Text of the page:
Is Your Dog Obese? 5 Ways to Diagnose Your Pet

imagesIf you would have asked me this question a year ago I would have said, “She’s a wiener dog. They’re supposed to be fat”. I didn’t really think about her weight, because I always thought dogs are dogs. I mean,  dogs are neither fat nor skinny…right? Obviously I didn’t know the answer, and I bet you didn’t know either.

Recent studies conducted by Association for Pet Obesity Prevention states that at least 53% of all pets are either overweight or obese. What’s worst is that 22% of owners acknowledge that pet obesity is a problem, but failed to diagnose that their own pet was morbidly obese. So how did we let this problem spiral out of control?  Here are a few ways to help you diagnose if your dogs a fatty.

 

  • Find out about your dog’s BCS. BCS or Body Conditioning Score is a 9 point system that judges the weight of your dog from its physical make up. A quick and easy assessment of your dogs ribs and waist will quickly lead you to a 1-9 scale rating. 1 being too thin, and 9 being too fat. Here is a quick guide to help you rank your canine pet.

  • Look for a tummy tuck. Stand to the side of your dog to get a profile angle. Much like humans, a dog’s stomach should be tucked up. If your dogs tummy is a straight line or even sagging towards the ground, this is a definite sign of obesity in your pet.

  • This might sound a bit strange but look for your dogs waist. There should be a clear indication of where his hind legs should begin.

  • Look out for physical signs. Fat dogs show signs of mobility problems. My overweight dog tends to waddle rather than walk normally. Watch signs for labored breathing and lack of activity.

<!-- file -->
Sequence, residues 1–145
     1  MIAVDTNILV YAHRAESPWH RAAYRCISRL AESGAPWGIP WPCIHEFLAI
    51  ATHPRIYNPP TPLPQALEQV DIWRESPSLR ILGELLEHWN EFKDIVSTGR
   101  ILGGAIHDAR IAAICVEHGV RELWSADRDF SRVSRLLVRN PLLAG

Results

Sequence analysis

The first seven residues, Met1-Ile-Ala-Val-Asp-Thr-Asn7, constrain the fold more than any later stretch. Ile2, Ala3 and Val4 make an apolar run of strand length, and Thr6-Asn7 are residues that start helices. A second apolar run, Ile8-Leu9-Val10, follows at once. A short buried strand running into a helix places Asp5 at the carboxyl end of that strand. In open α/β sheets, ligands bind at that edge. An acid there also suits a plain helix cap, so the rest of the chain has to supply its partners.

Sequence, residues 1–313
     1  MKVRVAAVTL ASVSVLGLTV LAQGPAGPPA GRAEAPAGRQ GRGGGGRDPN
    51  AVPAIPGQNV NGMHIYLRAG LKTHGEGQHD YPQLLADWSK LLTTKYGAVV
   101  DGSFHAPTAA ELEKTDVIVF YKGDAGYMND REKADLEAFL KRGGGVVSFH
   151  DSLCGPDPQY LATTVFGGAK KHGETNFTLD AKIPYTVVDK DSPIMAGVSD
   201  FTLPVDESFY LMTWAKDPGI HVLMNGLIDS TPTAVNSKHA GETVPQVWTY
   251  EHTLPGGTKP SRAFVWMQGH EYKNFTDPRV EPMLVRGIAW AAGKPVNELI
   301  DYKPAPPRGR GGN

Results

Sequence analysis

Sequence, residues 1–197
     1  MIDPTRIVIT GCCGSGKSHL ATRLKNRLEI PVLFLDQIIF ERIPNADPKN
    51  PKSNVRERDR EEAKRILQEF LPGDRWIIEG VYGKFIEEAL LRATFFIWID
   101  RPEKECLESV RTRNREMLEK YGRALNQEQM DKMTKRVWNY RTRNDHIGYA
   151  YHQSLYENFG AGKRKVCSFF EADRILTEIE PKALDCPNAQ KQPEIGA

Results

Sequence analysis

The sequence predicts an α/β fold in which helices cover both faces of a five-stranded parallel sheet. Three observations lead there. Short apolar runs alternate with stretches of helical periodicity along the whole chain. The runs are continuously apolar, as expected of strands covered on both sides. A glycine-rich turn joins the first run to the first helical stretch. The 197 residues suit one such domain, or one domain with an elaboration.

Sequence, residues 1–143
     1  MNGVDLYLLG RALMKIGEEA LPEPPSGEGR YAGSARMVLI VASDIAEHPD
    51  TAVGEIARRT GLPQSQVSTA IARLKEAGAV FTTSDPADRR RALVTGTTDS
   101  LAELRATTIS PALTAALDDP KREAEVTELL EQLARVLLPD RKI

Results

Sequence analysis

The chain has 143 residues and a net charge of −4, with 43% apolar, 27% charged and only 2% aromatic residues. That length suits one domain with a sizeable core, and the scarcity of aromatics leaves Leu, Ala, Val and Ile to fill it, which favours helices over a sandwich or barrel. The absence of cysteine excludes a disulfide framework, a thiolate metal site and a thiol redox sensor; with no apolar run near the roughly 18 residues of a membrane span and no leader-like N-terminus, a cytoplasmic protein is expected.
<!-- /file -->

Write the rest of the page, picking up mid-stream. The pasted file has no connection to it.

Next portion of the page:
• Check for physiological factors. This includes hair loss, oily and problematic skin, joint and ligament problems as well.

Fat dogs are cute, there’s no denying that. Whenever I look at my dog, I imagine a small honey baked ham waddling across the backyard. Its adorable, but the reality of the situation is that being that obese puts her in real danger. Her weight puts her at risk for heart problems, high blood pressure, a compromised immune system, and an overall decreased quality of life. You might not understand how crucial it is to stay healthy as a dog. Gaining 5 pounds here and there might be OK for us humans, but for small and medium sized dogs 5 pounds is as much as 10% of their body weight. Imagine if you were 15-20 pounds heavier, and how it’ll affect your way of life. I think prevention and recognition is key to stop this deadly trend.

Sources:

http://dogsdogsdogs.hubpages.com/hub/Fat-Dogs—Combatting-Canine-Obesity

http://www.peteducation.com/article.cfm?c=2+1659&aid=694

http://www.cesarsway.com/dog-care/dog-health/Dog-Obesity-is-a-Serious-Problem